2. Landon permalink*
    May 4, 2010 9:49 PM

    I’m inclined to say Ric’d fail miserably once he actually becomes the CEO of his dad’s company, but at the same time we’ve yet to see him in his “natural habitat.” Maybe he functions better when he’s with his kind, or maybe he’s just an out and out nutcase regardless of his surroundings?

    I’d bank on the latter. Wouldn’t be as funny if it was the former.

  3. May 5, 2010 9:23 AM

    “communism can work is if people are completely batshit insane”

    History has already tried this, especially since half the communist leaders either started out batshit or winded up batshit; so… it didn’t work too well. Also, this post remind me of a certain demotivator

    The problem is they’ve mostly focused on showing the ‘conditioned’ part of Ric, and less of the human side of him, IMO. He still feels far more machine than man to me…

  4. May 5, 2010 7:50 PM

    “Ric doesn’t really want to do what he does, he was just raised that way. If he was more like Nino, who genuinely enjoys fishing and helping out others, he’d be a far more level-headed and easy-going person who wouldn’t have panic attacks over owing someone a dollar.”

    I think this is the key theme of this show. It’s not so much about the broad concepts of capitalism vs. communism as a whole, but rather about the character of one man. And his growing up from the way he was raised, thanks to someone who has the complete opposite view as he does. And from that love sprouts.

    A pretty cliche story, but one that can be very good with the right execution. Shaft has been doing it right so far.

  5. Aile permalink
    May 6, 2010 9:21 PM

    woo, finally can comment on something about the one show I’m actually following this season

    “At the same time, the residents of the river aren’t necessarily fulfilling their roles out of the same willingness as Nino. Many of them exhibit traits that keep them from joining everyday society.”
    I’d disagree on both counts. Not that the other’s aren’t ‘crazy’ but:
    -Nino is just as ‘crazy’ (meaning: ‘unfit’ for ‘everyday society’) as the rest of them. Her deal is that whole ‘venusian’-thing and her subdued childlike personality would probably put her in retard-category for most people.
    -Everybody else seems to be enjoying ‘their jobs’ just as much as Nino does fishing. Sister does his thing because it’s his calling, Hoshin likes to entertain people, same with Maria and bellpepper-girl, etc.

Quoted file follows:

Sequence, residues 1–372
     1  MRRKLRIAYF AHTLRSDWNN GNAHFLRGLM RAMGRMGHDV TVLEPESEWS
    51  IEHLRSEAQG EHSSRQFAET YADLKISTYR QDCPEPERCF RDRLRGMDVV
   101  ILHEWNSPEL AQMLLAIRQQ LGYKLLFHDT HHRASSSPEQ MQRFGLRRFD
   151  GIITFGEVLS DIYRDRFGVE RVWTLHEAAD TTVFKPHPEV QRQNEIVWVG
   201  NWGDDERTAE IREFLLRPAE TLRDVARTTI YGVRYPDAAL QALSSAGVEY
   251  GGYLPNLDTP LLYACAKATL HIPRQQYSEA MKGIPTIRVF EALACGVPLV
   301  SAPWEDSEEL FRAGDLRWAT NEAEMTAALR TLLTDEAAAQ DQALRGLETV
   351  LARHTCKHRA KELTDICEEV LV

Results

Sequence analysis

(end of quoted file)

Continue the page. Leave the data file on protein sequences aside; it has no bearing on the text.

“Arakawa’s essentially saying that the only way that communism can work is if people are completely batshit insane. Only someone completely divorced from basic human goals and desires would allow for such an extreme version of “for the greater good” to exist.”
    That’s a pretty big leap. It would be more in concordance with your earlier observations if your statement had been “the only way communism can work is if people -really like each other-“, since THAT (and not the crazy antics) seems to be what keeps their riverside society together. And even then, it has not much to do with actual communism/capitalism, since those are systemic statements about the ownership/distribution of the means of production, and you certainly don’t have to be crazy or ‘divorced from basic human goals and desires’ to follow one opinion or an other on that matter. A too political interpretation may overstretch the actual show so far.

    “All of that is pretty obvious, though. Ric’s mocking an easy target, and in mocking him we aren’t hearing anything new. “LOLMONEY” and all that rot.”
    I never felt he was getting ‘mocked’. To me his deal isn’t itself that he’s rich, but as said, his ‘misplaced sense of obligation’, a trait which works just as well if they gave the character a more humble background. He was never vilified for the money he has, it’s rather his deluded sense of status from this that gets sometimes hung out for comedic effect. That he’s the one brought in as an outsider to comment on the odd group on our behalf can just show that his particular delusion is one of the more socially ‘acceptable’ ones, in a society where little else besides money matters after all.

    Personally, I wouldn’t see the riverside-society not so much as a counter or contrast of ‘actual’ society, but rather as a mirror. It’s not that the show wants to present an idyllic “answer” to problems of society (or rather interpersonal interactions, since that seems to be a closer theme), but -distill- those problems into character archetypes that serve as allegories.

  6. May 7, 2010 10:52 AM

    Wow. I never got that interpretation from Arakawa. You blew my mind, good sir.